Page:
The current global economic downswing is expected here be more severe than the slowdowns in 2011-12 and 2015-16, for two reasons. First, global real narrow money growth fell to a lower level ahead of the current downswing than before the previous two. Secondly, both the stockbuilding and business investment cycles are expected to drag on activity – the prior slowdowns were mainly stocks-driven.
How is this forecast playing out? The first chart shows six-month / two-quarter changes in industrial output and GDP in the G7 economies and seven large emerging economies, with the latest data points referring to December and the fourth quarter respectively. Six-month industrial output momentum fell to 0.7% in December, the lowest since 2016 but well above troughs of -0.2% and -0.7% reached in 2012 and 2015. Two-quarter GDP growth, meanwhile, has also fallen but remains respectable, at 1.5% (3.1% annualised) in the fourth quarter.
With real money growth bottoming in October, a trough in economic momentum is unlikely to be reached until around mid-2019. Industrial output / GDP data, accordingly, are expected to deteriorate for a further six months, at least.
The second chart shows new orders / business components of the global manufacturing and services purchasing managers’ surveys, which supposedly offer a more timely read on economic activity. The final reading of the manufacturing new orders index for February was higher than suggested by earlier flash data but still represents the joint weakest (with January) result since 2012, i.e. undershooting a 2016 low. The services new business index remains solid but a positive divergence with manufacturing is normal in the early downswing phase – similar temporary resilience was displayed in 2012 and 2015.
The above series are coincident indicators of economic activity; the OECD’s composite leading indicators are useful for assessing short-term prospects. The third chart shows the deviation of G7 GDP from a statistical trend along with the OECD’s G7 leading indicator, including a January estimate (official data are released on 11 March). Based on the estimate, the decline in the indicator from a peak in February 2018 is already comparable with the peak-to-trough falls in 2011-12 and 2014-16. A caveat, however, is that the level of the indicator can often be revised significantly, as trends in the individual components are reestimated to incorporate new data. This caveat is less relevant for the direction of the indicator, which has yet to suggest any bottoming out of economic momentum.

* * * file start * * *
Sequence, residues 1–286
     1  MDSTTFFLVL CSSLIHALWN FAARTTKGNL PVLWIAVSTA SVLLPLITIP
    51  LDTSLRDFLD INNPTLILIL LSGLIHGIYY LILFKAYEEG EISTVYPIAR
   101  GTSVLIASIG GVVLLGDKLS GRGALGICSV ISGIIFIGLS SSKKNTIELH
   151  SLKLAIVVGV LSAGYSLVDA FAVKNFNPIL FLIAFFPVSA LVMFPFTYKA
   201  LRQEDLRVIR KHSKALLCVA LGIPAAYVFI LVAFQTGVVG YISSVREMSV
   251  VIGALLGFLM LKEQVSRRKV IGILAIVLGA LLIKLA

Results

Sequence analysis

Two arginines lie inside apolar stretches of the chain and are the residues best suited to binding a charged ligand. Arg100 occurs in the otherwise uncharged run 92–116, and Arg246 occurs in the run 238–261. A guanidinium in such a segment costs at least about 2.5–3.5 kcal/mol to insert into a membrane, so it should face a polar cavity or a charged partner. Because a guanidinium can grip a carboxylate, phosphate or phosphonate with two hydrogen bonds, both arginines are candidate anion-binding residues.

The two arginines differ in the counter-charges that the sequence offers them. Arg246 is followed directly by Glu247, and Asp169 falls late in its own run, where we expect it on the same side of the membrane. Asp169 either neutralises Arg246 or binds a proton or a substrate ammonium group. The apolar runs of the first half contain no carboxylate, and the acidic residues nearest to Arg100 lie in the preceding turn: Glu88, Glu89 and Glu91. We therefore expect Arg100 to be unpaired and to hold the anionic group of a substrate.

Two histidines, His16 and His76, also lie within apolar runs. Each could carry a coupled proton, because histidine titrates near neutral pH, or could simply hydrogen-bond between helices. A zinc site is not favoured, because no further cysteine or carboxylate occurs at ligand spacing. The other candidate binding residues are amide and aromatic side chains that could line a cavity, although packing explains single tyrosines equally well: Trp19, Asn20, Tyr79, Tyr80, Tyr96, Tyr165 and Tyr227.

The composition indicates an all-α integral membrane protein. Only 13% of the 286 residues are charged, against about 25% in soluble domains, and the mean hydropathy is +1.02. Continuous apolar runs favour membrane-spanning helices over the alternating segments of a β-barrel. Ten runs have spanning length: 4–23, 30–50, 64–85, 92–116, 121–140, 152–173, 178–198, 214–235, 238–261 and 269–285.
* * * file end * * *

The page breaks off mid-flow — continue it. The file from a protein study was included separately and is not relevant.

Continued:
As noted above, business investment is expected here to show greater weakness this year than in 2011-12 and 2015-16. The fall in the global manufacturing PMI new orders index was led by the investment goods component, which moved well below its 2016 low in January, though recovered in February – fourth chart. Recent weakness in intermediate goods orders, meanwhile, is consistent with the stockbuilding cycle moving further into its downswing phase. Consumer goods orders remain solid but – as with services activity – such resilience is not unusual in the early stages of an economic downswing. Consumer weakness typically emerges as slowing activity feeds through to labour markets.
The business investment and profits cycles are closely linked. The fifth chart shows national accounts-based estimates of gross domestic operating profits (EBITDA). Japanese and UK profits contracted in the year to the fourth quarter, while Euroland growth was the weakest since 2013. US fourth-quarter numbers have yet to be released: year-on-year growth is likely to remain solid but the level of profits may have stepped down last quarter, judging from S&P 500 earnings reports.
Profits are very likely to remain under pressure during the first half from slowing activity, weak pricing power and rising wage costs due to high settlements and excessive hiring in 2018.
In summary, coincident and short leading evidence has yet to confirm the forecast of a more severe economic downswing than in 2011-12 or 2015-16 but indicators are behaving largely as expected, allowing for the usual leads / lags. If correct, the next phase of economic weakness will involve corporate retrenchment extending from fixed investment and stocks to hiring, undermining consumer confidence and spending and leading to a further deterioration in business sentiment.